Revert Unknown Git Commits

Rewriting the past to subtract from the present.

Here's the deal. You've done a big refactor of a codebase that moved a bunch of files (actually renamed in version control terms), and you find that you want to revert something from the before-times. I did this recently at work and found that if I tried to directly revert the offending commit on HEAD, git would stage an undo of the refactor.

From the git man page:

        git-revert(1) is about making a new commit that reverts the changes made by other commits.

This means that git revert will attempt to apply the inverse of any patch wrapped in a commit, regardless of whether it appears on the current branch.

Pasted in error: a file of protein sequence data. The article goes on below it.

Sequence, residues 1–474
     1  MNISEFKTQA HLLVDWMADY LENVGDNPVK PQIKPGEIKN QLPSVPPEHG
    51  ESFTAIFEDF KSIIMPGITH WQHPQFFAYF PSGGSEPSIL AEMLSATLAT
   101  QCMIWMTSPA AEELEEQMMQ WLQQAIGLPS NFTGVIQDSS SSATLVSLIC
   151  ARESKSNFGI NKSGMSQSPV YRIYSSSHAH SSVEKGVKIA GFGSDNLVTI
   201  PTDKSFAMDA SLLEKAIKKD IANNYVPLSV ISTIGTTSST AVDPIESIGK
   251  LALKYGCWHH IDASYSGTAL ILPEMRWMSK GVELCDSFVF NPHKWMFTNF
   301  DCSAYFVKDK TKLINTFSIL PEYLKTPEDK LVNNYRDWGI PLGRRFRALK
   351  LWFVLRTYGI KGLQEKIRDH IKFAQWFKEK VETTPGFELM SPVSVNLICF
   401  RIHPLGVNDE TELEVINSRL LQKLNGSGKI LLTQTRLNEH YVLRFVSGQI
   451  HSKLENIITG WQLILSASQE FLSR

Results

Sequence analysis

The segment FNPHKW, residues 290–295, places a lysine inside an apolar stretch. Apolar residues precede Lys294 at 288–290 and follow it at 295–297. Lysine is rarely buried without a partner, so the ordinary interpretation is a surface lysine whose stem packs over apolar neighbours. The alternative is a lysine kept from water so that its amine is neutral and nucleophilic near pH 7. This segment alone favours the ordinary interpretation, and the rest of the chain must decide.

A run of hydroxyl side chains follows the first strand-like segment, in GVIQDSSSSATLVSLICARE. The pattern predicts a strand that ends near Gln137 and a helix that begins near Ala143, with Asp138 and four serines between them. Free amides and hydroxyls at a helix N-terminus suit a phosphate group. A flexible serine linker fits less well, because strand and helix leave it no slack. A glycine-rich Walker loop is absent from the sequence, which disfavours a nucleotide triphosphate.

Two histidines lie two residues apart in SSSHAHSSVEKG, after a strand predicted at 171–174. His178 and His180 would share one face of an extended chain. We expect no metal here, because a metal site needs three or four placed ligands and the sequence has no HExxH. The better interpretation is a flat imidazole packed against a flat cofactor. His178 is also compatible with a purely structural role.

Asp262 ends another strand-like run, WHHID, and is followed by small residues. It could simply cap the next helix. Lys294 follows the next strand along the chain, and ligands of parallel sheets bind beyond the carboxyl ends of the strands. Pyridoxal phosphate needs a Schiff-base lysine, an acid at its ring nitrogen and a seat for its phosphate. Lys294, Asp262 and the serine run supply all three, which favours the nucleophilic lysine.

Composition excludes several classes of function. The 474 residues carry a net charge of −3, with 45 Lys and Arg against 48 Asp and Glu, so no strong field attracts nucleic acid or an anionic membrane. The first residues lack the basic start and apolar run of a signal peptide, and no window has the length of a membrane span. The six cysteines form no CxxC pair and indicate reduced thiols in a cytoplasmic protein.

This allows us to do some fun stuff. Lets assume we have the following commits:

  1. Previous changes
  2. Substantial change (to be reverted)
  3. Big refactor
  4. Other changes

My solution was to check out (1), cherry-pick (3) followed by (2) to apply the "substantial" commit on top of "refactor". To my delight this applied cleanly. I then copied the hash of this commit, reset back to origin/master, and reverted that. I have no idea why this worked when directly reverting (2) on the tip of master didn't work, but it did.

16 July 2023